When BlackBerry announced on Friday that it had nearly $1 billion in unsold phones and was about to cut a third of its workforce, the market’s reaction was immediate – the Wall Street Journal reports that the company’s stock price dropped below $9. The news was followed by BlackBerry’s announcement, released on Monday, that the company has signed a letter of intent with a consortium led by Fairfax Financial (BlackBerry’s largest shareholder with a 10% stake), under which Fairfax has offered to acquire the company and take it private subject to certain conditions, including due diligence.

What does this move mean for the former phone giant?


BlackBerry Enters Into Agreement with Consortium led by Fairfax Financial

[Editor’s Note:  This piece is authored by DavisPolk.]

Davis Polk is advising J.P. Morgan, as financial adviser to BlackBerry Limited, in connection with its agreement with Fairfax Financial Holdings Limited which contemplates a consortium led by Fairfax acquiring all of Blackberry in a transaction that would value Blackberry at $4.7 billion. Fairfax currently owns approximately 10% of BlackBerry’s common shares. The transaction, which is subject to conditions, permits Blackberry to undertake a go-shop process to determine if there are alternatives superior to the transaction with Fairfax.

Founded in 1984 and based in Waterloo, Ontario, BlackBerry is a telecommunication and wireless equipment company and developer of the BlackBerry brand of smartphones and tablets. Fairfax Financial Holdings, headquartered in Toronto, Canada, is a financial services holding company engaged in property and casualty insurance and reinsurance and investment management.


Stocks Hit Record High As Fed Keeps Bond Buying At $85B A Month

The Federal Reserve announced on Wednesday that it would continue its current quantitative easing policies indefinitely, despite the unanimity on Wall Street that a scale-back was imminent. This announcement sent the Dow and S&P 500 to record highs.

According to Bernanke, with the federal funds rate remaining in the 0 – 0.25% range and unable to decrease any further, the central bank’s measures to stimulate the economy have been focused on complementary methods of “asset purchases and forward guidance about short-term interest rates.” For example, in September 2012, the Federal Open Market Committee (FOMC) initiated a stimulus plan to purchase $40 billion per month in agency mortgage-backed securities in addition to the $45 billion per month in longer-term securities that it was already acquiring as part of its Maturity Extension Program (MEP). In December 2012, the Fed announced that it would maintain its $85 billion per month asset purchase program, even after the MEP had ended, by continuing to purchase $45 billion per month in longer-term Treasuries.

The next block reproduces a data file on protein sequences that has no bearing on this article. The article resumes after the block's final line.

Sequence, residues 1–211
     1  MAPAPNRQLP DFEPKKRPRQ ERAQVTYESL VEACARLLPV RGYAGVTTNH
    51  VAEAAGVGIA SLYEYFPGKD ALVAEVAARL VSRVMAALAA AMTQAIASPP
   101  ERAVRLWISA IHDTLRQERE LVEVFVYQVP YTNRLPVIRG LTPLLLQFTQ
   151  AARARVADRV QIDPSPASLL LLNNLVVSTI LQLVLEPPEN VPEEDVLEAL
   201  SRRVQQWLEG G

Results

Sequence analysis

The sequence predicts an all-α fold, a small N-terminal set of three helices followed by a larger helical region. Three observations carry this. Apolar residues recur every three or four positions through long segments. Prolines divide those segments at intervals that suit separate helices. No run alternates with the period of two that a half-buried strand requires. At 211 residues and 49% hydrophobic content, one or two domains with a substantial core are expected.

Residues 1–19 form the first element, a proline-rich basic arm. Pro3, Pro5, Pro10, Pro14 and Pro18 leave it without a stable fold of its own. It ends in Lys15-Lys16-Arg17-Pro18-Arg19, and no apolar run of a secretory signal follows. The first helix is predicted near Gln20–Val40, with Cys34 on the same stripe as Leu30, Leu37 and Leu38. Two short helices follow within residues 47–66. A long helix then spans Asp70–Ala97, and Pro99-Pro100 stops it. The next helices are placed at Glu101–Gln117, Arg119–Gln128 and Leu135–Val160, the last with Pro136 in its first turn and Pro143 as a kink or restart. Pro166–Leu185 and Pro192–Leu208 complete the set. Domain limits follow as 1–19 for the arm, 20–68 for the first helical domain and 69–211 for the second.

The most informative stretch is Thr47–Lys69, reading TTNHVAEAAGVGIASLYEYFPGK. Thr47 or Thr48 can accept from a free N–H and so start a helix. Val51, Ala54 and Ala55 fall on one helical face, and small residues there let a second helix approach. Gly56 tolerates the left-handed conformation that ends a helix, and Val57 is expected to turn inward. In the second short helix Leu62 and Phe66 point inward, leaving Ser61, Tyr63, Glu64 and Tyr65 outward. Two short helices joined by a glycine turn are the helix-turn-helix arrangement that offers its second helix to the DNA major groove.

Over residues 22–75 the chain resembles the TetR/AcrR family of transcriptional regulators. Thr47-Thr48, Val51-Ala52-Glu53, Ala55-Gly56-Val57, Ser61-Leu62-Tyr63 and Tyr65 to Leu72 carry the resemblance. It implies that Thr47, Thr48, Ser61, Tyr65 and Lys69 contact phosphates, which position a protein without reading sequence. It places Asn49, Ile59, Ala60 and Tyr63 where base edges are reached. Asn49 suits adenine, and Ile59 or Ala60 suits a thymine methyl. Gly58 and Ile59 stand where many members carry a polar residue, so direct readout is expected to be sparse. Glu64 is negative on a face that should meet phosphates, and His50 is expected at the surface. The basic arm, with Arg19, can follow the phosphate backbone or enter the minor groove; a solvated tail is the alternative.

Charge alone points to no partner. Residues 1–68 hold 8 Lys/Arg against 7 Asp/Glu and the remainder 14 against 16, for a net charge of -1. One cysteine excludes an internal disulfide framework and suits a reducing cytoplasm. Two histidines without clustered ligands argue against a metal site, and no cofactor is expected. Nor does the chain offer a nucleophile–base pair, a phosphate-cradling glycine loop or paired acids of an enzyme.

However, in June 2013, the Federal Reserve suggested that it would begin a modest reduction in the pace of its purchases by as early as September 2013, and possibly end the program around mid-year 2014. This caused some turmoil on Wall Street over the summer, as the markets tried to adjust to the idea of a departure from the asset purchase program, and consequently lead to a decrease in stock prices and an increase in interest rates.


BerkeleyLaw Lecture Series: The Economic Value of a Law Degree

Is it even worth it to go to law school?  The thought came before law school, and it wriggles into those moments when all that work and stress and money pile up.  It could come any time:  at 4 AM when you are trying to finish that last chapter; out for drinks with friends in the workforce who blithely pay for happy hour drinks without wincing at thoughts of crushing student loans; or when you discover that you didn’t get your first pick for a ‘big law’ summer associate position.  Myths and misconceptions have swirled amongst the legal community and the general public, as law professors, students, and others question the value of a law degree, leading in part to plummeting application numbers for law schools around the country.

On Thursday, September 12, 2013, Berkeley Law hosted Seton Hall University business law Professor Michael Simkovic in the first event in a lunchtime series sponsored by the Berkeley Center for Law, Business and the Economy and the Berkeley Business Law Journal.  Mr. Simkovic was previously an attorney at Davis Polk & Wardwell in New York concentrating in bankruptcy litigation as well as a strategy consultant at McKinsey & Company, where he specialized in legal, regulatory and business issues affecting financial services companies.  Professor Simkovic persuasively presents a different (and thankfully more positive) outlook for those considering whether to pursue a law degree.